For a 6-year old:
- Make a filled in square. (She made a 3x3 square).
- How many pennies are there in the square? How many rows? How many columns? (She wanted to know which way do rows go?)
- Can you make a smaller square? (She made a 2x2 square). How many pennies? How many rows? How many columns?
- Can you make a smaller square? (She thought for a minute and put a single penny down. And laughed.) One row, one column, and one penny.
- Can you make an even smaller square? (She thought maybe not. I pointed at an empty space on the table. She laughed and said "zero rows, zero columns, zero pennies.
For the 11-year old.
- Make a sequence of triangles (the first one contains 1, the second 3, the third 6, the fourth 10). How much do you add to get from one to the next?
- If you take two triangles of base 4 (10 pennies each) and put them together what do you get (a rectangle that is 5 by 4).
- Can you see way to use that to calculate the number of pennies in a triangle of base size 10? (After some thinking he came up with that two of them were 10x11, so one of them would be 55.)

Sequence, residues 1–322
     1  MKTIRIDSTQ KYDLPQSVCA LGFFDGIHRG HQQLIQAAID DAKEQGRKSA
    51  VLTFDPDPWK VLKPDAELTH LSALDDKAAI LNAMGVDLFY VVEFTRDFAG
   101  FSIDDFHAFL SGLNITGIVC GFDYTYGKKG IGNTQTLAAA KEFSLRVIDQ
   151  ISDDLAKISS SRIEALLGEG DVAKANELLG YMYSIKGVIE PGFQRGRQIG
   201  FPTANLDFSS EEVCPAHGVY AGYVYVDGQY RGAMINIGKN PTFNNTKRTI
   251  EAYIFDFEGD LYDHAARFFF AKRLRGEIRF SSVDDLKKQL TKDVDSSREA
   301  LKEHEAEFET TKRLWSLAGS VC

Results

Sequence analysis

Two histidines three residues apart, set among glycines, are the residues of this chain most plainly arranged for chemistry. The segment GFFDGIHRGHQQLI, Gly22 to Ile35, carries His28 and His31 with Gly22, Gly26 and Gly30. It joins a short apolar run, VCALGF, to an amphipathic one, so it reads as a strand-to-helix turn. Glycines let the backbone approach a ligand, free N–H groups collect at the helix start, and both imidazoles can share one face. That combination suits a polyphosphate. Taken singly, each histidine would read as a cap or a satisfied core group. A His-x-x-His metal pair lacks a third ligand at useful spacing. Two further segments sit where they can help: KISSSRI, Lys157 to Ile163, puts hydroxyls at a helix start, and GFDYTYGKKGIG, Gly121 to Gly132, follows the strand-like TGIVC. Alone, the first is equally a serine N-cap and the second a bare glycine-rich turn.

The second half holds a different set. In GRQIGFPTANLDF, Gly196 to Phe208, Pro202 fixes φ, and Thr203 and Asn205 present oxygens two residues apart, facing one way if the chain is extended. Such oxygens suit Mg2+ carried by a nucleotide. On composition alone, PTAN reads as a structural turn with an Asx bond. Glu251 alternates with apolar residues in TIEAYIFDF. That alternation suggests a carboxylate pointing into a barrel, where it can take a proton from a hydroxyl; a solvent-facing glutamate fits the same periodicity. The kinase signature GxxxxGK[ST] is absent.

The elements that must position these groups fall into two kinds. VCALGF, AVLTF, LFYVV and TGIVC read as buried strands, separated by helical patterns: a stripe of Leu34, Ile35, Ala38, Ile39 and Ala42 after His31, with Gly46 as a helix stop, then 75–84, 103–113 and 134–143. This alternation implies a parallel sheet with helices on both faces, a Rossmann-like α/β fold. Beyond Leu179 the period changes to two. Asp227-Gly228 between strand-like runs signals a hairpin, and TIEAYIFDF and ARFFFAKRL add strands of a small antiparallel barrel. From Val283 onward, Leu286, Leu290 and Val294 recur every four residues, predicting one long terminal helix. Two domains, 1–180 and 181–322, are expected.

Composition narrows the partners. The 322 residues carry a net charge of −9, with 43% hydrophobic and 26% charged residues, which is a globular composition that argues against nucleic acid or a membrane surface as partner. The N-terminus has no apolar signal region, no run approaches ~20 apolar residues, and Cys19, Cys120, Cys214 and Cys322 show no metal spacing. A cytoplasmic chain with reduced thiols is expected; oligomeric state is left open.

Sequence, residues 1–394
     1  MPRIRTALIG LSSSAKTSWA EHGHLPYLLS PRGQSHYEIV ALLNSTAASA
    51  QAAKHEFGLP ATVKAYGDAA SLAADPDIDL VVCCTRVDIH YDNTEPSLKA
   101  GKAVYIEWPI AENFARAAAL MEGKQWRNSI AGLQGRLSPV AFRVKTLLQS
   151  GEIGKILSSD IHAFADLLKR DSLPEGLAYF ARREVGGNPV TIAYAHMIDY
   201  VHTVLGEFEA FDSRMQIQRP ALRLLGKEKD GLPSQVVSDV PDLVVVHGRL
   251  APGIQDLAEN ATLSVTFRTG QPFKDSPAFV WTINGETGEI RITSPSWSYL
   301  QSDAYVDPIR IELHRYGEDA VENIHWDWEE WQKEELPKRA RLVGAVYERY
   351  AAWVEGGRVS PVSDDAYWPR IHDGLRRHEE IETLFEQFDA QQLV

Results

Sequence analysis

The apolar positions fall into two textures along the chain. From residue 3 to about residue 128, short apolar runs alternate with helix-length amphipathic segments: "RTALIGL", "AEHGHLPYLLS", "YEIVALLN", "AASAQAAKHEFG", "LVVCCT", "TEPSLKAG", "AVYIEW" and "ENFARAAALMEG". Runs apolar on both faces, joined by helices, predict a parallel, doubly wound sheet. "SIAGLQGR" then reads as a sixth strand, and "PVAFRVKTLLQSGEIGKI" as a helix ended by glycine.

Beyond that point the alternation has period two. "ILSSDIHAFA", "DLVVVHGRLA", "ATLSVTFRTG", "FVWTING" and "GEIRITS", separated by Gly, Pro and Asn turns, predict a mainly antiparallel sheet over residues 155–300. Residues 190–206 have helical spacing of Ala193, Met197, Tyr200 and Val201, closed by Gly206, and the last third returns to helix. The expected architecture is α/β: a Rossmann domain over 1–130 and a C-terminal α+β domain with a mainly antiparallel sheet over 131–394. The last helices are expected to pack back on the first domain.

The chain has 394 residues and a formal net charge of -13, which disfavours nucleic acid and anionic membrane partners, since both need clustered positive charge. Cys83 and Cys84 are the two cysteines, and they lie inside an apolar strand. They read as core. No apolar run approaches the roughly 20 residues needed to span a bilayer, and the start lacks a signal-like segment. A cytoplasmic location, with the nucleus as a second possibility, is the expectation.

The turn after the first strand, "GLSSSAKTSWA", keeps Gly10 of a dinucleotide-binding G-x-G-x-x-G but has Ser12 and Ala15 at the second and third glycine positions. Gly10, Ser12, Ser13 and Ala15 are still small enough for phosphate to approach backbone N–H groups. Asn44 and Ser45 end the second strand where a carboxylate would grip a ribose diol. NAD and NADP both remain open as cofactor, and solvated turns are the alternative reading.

- Make a sequence of squares. How much do you add to get from one to the next. (You add 3 then 5 then 7 then 9...)
- So the sum of odd numbers from 1 to somewhere is a square.
For the 15-year olds: (They didn't actually touch the pennies. Nooo.. They can do it in their heads...)
- You remember what a pythogorean triple is? (Three integers a,b,c such that a2+b2=c2.)
- How many are there? (Lots).
- Can you show there are an infinite number? (Well...)
- Consider a square of side length n and one of side length n+1. What's the difference in their sizes? (2n+1).
- Can 2n+1 be square? (They now jumped ahead to the conclusion. Every odd number when squared is odd. So the first triple is 2n+1 = 1, so you get 0,1,1 (that's cheating!) The second is 2n+1=9, so you get 3,4,5. The third is when 2n+1=25 so you get 5,12,13. (Dana chimed in that you should have those memorized). The next one is 2n+1=49 so you get 7,24,25.
- In general for any integer k, let l=2k+1, then l2 is an odd square. The resulting pythogorean triple is l,(l2-1)/2, and (l2+1)/2.